Books

Boys Don’t Knit gives a different outlook on knitting

Knitting isn’t just for grandmas, this novel tells a story about a young English teen struggling between his knitting life and his reputation.

Boys Don’t Knit by T.S Easton
Published by Hot Key Books
277 pages

Boys Don’t Knit, by T.S Easton, published in 2014, tells the story of an English teen who realizes that he has a talent for knitting by accident, thanks to a failed crime scheme proposed by his not-so-bright friends. The plan was to steal a bottle of Martini Rosso to bring to a party but it all goes wrong when seventeen-year-old Ben Fletcher collides with a crossing guard leading him getting charged with theft and receiving probation while his friends didn’t. During the probation, he’s required to attend a community college class. The choices included his dad’s car maintenance class but he chose to take a knitting class because he is attracted to the teacher. Unfortunately, there was a switch in teachers and Ben found himself trapped in the class and promised not to tell anyone what he was doing, being afraid that he will embarrass himself in front of his friends and his father.

The novel addresses the issue of sexism and how it’s fine to do something that is out of your comfort zone. Knitting is a whole new world to Ben as he slowly progresses through, realizing that he has a natural talent for knitting and could use the skills he learned to make money by selling his creations on Etsy. The author breaks down the barriers of sexism around certain activities that are associated with one gender and show that regardless of what your gender is, you can pursue anything you want. Nowadays, women are doing what were once considered male activities such as boxing and men are doing what were once considered female activities such as yoga. The world today is more accepting to the interests of all genders. I feel that it is important that the author has touched on this subject and help empower the people who have encountered this type of discrimination. In Ben’s case, his dad was a soccer fanatic and doesn’t see knitting as masculine. Later on in the novel, his dad reveals that he doesn’t like handbags, shoe with heels, and needlework because they aren’t “masculine,” stating that “these are not things for men,” which made Ben more hesitant in telling him.

The author also hints at the subject of acceptance. Some parents have trouble understanding their child’s interests and find it challenging to encourage them to keep going, but it’s harder when it is kept a secret and the child pretends to like a different thing. In Ben’s scenario, his dad is opposed to his decisions and is furious that he kept the secret away from him for so long. His dad reacts by leaving for a few days without disclosing his whereabouts, but eventually calls to talk to Ben about their incident. The author shows that parents will react in some way when they are crossed but come to terms with their child because nobody can stay mad forever. Some parents in the world pave their child’s future without even knowing it. Leaving them thinking that it’s the correct path they should take in order to succeed, causing them to leave their passions behind. But in the end, many students in university pursue a certain major, to find out it’s not what they wanted to do and drop-out. Those students either pursue another major they are actually interested in and achieve a degree or just can’t afford to continue with school and are stuck working at a low-end job.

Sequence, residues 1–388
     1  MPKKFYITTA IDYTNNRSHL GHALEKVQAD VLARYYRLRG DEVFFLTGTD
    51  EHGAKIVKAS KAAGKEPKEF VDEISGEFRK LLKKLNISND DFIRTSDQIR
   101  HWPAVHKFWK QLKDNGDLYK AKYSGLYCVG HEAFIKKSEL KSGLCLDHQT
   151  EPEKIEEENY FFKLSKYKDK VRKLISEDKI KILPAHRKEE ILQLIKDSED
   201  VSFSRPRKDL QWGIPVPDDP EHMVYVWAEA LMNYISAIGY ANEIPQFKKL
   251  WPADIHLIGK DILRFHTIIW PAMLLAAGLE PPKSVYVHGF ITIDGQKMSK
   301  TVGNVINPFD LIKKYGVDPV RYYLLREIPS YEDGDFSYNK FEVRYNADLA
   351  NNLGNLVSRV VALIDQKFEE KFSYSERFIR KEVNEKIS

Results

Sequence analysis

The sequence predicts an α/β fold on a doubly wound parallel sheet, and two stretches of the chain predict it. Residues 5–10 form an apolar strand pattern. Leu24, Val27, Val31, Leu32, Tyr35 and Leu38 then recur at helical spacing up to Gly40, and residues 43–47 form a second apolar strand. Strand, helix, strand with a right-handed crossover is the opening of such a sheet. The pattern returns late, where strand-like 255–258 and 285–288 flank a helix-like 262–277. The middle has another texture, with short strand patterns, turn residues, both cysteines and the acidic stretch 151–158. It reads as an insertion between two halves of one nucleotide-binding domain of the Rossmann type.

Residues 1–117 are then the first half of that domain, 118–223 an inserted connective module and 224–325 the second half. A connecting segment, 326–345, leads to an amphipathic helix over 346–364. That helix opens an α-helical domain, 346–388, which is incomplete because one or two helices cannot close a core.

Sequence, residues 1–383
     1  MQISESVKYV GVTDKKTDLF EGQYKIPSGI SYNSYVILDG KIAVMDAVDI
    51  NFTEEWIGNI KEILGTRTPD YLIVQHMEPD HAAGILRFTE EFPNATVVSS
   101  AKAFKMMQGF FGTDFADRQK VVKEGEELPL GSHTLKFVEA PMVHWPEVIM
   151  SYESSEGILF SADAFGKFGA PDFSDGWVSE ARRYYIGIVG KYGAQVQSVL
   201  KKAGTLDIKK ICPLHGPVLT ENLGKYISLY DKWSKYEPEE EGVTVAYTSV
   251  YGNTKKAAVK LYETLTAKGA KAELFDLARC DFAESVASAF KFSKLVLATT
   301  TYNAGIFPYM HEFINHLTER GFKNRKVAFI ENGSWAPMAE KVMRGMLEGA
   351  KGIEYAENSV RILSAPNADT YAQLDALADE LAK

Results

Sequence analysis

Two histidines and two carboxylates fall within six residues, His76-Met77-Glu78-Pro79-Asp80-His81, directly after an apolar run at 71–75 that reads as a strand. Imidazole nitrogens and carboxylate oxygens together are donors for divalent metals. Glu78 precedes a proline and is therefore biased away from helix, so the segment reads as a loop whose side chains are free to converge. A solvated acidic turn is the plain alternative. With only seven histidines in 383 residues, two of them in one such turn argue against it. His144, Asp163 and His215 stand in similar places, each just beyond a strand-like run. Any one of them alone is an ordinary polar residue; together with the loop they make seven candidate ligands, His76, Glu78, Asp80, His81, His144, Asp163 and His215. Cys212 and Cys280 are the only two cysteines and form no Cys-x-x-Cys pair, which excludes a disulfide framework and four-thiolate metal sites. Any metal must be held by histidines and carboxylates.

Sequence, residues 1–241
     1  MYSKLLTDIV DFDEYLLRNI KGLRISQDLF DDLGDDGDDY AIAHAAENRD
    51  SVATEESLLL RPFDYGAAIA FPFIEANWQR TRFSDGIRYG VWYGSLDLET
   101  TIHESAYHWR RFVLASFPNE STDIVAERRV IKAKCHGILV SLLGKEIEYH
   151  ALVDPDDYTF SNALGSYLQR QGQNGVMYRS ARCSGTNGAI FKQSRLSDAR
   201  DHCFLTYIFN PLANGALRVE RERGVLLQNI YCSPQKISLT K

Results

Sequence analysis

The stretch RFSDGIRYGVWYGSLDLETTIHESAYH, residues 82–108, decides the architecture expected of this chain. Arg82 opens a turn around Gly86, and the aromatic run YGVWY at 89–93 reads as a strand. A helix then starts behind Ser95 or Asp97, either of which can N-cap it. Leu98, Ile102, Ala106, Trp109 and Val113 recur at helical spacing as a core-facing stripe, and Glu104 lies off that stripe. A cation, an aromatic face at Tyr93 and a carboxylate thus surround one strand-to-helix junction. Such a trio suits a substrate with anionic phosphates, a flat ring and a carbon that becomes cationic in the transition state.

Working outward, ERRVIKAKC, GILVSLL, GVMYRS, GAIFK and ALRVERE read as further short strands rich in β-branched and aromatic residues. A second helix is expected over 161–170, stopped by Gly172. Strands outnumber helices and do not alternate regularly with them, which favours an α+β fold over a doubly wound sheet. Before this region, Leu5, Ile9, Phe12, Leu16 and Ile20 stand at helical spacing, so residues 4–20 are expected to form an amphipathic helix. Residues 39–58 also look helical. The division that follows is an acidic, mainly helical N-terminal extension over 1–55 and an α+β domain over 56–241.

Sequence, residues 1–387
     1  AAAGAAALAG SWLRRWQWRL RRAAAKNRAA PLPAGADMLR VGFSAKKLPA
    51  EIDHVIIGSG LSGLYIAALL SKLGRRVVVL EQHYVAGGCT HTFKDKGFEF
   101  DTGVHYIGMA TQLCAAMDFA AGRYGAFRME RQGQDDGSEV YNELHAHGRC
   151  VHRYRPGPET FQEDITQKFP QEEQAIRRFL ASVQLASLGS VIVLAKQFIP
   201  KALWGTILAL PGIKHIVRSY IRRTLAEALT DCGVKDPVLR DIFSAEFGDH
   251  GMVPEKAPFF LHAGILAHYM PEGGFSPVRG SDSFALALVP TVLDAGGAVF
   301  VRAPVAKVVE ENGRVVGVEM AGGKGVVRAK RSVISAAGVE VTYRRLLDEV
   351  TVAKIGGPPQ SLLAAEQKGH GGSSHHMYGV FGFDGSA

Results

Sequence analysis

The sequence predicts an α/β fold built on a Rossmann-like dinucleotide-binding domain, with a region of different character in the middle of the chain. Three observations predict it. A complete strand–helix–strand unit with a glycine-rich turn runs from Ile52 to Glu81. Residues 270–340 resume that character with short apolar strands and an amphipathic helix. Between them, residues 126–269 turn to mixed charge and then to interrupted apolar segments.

Most of the humour in this book comes from Ben’s group of friends. Be sure to expect a bunch of English trash talk such as “bellend” and fantasy stories from his friend, Joz. With them being not-so-bright, they will eventually do something stupid and get a laugh out of each other. What made me laugh was the descriptive, fantasy story his friend Joz made and how it’s called “Fifty Shades Of Graham”. A knockoff of the popular book, Fifty Shades of Gray. The group all-together make the novel a hilarious read.

Overall, this book is perfect for the teens of today; it contains gut-busting humour and English banter that for sure will make you chuckle. It is great for someone that loves quick reads, drama and suspense. With the expression of themes such as sexism and acceptance, the book gives a whole new perspective on knitting. Though the diary genre is common, it stands out with it’s one of a kind plot which creates an enjoyable and engaging read.

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